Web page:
Two paradoxes of belief

The Liar paradox arises via considering the Liar sentence: L: L is not true. and then reasoning in accordance with the: T-schema: Φ is true if and only if what Φ says is the case. Along similar
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The Liar paradox arises via considering the Liar sentence: L: L is not true. and then reasoning in accordance with the: T-schema: “Φ is true if and only if what Φ says is the case.” Along similar lines, we obtain the Montague paradox (or the “paradox of the knower“) by considering the following sentence: M: M is not knowable. and then reasoning in accordance with the following two claims: Factivity: “If Φ is knowable then what Φ says is the case.” Necessitation: “If Φ is a theorem (i.e. is provable), then Φ is knowable.” Put in very informal terms, these results show that our intuitive accounts of truth and of knowledge are inconsistent. Much work in logic has been carried out in attempting to formulate weaker accounts of truth and of knowledge that (i) are strong enough to allow these notions to do substantial work, and (ii) are not susceptible to these paradoxes (and related paradoxes, such as Curry and Yablo versions of both of the. . .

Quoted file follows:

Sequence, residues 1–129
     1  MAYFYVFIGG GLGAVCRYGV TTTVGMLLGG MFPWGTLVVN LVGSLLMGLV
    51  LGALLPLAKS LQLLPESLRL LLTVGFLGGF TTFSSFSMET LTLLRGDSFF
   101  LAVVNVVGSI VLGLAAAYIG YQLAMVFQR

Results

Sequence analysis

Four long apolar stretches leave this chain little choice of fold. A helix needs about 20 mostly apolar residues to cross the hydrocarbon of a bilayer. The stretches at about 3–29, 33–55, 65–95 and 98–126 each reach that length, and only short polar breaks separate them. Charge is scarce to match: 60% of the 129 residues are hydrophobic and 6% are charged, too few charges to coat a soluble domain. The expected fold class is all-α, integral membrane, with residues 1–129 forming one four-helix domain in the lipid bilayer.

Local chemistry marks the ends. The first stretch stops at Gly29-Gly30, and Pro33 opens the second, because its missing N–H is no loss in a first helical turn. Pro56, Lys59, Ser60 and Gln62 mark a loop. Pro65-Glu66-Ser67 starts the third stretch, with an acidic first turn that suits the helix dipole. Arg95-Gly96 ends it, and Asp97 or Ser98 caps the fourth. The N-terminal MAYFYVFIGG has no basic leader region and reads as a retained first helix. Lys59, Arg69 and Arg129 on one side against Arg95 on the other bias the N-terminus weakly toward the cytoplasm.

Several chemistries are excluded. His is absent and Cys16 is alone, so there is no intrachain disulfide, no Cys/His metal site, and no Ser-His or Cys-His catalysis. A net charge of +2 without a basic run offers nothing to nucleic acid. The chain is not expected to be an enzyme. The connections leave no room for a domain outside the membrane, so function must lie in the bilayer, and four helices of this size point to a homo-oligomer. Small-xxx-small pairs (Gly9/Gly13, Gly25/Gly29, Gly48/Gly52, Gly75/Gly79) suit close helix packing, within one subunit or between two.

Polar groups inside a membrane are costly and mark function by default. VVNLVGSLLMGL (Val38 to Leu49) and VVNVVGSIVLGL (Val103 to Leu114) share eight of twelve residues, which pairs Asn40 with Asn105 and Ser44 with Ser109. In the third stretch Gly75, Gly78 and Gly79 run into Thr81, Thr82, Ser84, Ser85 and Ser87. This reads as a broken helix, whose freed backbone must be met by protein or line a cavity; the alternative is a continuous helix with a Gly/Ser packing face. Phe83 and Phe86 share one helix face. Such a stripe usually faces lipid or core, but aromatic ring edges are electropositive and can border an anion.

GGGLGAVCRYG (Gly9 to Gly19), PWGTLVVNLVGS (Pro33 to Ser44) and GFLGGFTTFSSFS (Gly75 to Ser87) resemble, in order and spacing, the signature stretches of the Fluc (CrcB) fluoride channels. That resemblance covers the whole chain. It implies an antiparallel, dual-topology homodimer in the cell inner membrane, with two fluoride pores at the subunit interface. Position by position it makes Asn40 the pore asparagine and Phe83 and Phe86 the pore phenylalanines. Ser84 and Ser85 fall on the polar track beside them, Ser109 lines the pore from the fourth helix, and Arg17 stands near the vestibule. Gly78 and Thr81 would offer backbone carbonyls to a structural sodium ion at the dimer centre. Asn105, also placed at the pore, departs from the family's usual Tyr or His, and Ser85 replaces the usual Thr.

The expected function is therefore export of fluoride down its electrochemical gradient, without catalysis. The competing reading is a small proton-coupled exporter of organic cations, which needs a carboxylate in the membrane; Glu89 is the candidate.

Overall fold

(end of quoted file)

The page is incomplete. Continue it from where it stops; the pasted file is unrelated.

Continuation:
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News source: OUPblog » Philosophy

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